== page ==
I'm wanting to do a ballast bypass in this ancient fluorescent fixture with a magnetic ballast in my laundry closet. It has a single bulb and is easy to access, so I thought it would be a good one to try out the bypass on to see how it goes. When i opened the fixture up, I noticed something I hadn't seen before in the how-to videos. One tombstone has three wires coming out of it. There is a blue from one side of the tombstone directly connected to the ballast, then on the other side of the tombstone are two white wires: one directly connected to the ballast and one wired to the neutral from the house. Is it ok to just combine all three (the two whites and the blue) to the house neutral or do I need to pull one out or what? The picture shows the three wires coming from the one tombstone. The tombstone on the other side has two red wires directly connected to the ballast and looks as expected.

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2 Answers 2


It doesn't matter if the wires are paisley :)

All wires which go to one tombstone are connected to utility "hot".

All wires which go to the other tombstone are connected to utility "neutral".

That's that. You are now ready for a double-ended ballast-bypass LED, or a universal LED.

If you somehow get a single-ended ballast-bypass LED, or a Plug-n-Play LED, or a Type C, then send it back.

  • Thanks. That's what I figured, it was just odd to me that one of the white wires was going directly from the ballast to the tombstone, then the other one next to it on the same side of the unshunted tombstone was going to the neutral of the house. It's as if the ballast is using the tombstone as a connecting point to get to the house neutral, instead of being directly wired to it. Made me wonder if those white wires should even be part of the equation if there is no ballast anymore.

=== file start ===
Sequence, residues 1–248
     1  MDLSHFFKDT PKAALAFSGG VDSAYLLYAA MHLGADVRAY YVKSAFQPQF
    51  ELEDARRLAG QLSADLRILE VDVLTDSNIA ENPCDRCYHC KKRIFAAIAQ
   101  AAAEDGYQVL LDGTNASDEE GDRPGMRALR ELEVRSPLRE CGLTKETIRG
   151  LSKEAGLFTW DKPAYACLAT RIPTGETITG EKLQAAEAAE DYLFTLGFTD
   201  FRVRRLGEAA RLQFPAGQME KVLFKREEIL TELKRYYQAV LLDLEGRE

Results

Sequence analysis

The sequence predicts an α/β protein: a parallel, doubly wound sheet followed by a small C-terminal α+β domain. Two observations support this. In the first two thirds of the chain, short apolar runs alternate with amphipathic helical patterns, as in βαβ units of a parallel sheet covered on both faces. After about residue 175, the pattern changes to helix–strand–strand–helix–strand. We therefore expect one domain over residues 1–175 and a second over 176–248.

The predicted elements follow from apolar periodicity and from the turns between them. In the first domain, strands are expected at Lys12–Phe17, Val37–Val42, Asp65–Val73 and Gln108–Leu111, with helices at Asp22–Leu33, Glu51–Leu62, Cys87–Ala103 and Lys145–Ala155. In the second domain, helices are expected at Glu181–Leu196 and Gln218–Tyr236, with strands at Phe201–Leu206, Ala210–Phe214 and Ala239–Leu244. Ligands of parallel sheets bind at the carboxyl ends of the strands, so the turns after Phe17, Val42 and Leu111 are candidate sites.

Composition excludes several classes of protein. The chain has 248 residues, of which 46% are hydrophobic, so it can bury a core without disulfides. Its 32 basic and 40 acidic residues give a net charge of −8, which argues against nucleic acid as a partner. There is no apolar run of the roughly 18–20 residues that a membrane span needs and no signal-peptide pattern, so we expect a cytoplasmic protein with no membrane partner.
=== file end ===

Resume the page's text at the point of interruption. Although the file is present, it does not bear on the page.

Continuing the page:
– Nick
    Commented Nov 19, 2023 at 20:44
  • @Nick yeah there's a reason they do it, the simpler ballasts sometimes put themselves partially in series with the line voltage. But they still need power for their own stuff, preheaters, etc. Commented Nov 19, 2023 at 23:32
  • I see. So it's ok if I leave those lines in the tombstone and connect them to the house neutral from there?
    – Nick
    Commented Nov 19, 2023 at 23:52
  • @Nick my only concern is the neutral might need to go to both pins on the tombstone. I suppose you could connect the other two to each other. Commented Nov 19, 2023 at 23:57
  • The tombstone with the two white wires on its right side has one blue wire on its left side, as shown in the picture. So three wires total. Do I combine all of those and then connect them to the house neutral? I'm not quite sure what you mean by "connect the other two to each other." The tombstone on the other side of the fixture has two red wires coming out of it, as you'd expect. I really appreciate the help.
    – Nick
    Commented Nov 20, 2023 at 0:29

Probably. It depends on what the ballast bypass lamp expects. The ones I've used need line on one end, neutral on the other. In that case you can treat all three of these wires as the same wire and put them in a wire nut with line or neutral, then do the same with the two wires at the other end.

Make sure to install the sticker which shows the ballast has been bypassed.

  • That was my plan, to get an LED powered from both ends that works in a fixture with the ballast bypassed. The thing I'm wondering about is what to do with those white wires running from the socket, because I've never seen that before. I've only ever seen blues, reds, yellows coming from the sockets, not what I assume are neutrals. I know that a proper replacement ballast for this model would require taking out both the whites and putting one blue from the ballast in their place, so just putting a blue in their place is an option for a bypass, but I'd rather avoid that struggle if possible.
    – Nick
    Commented Nov 19, 2023 at 16:12
  • Don't get hung up on the colors. This is for a preheat style fixture I think. White, white, and blue from that end go all together to neutral. All the wires from the other end go to line. Done.
    – KMJ
    Commented Nov 20, 2023 at 6:46
  • Yep. It's about 35 years old. Same age as the home. According to whats on the ballast it's a rapid start, and I could not find any starter for it so I assume that's right.
    – Nick
    Commented Nov 20, 2023 at 14:11

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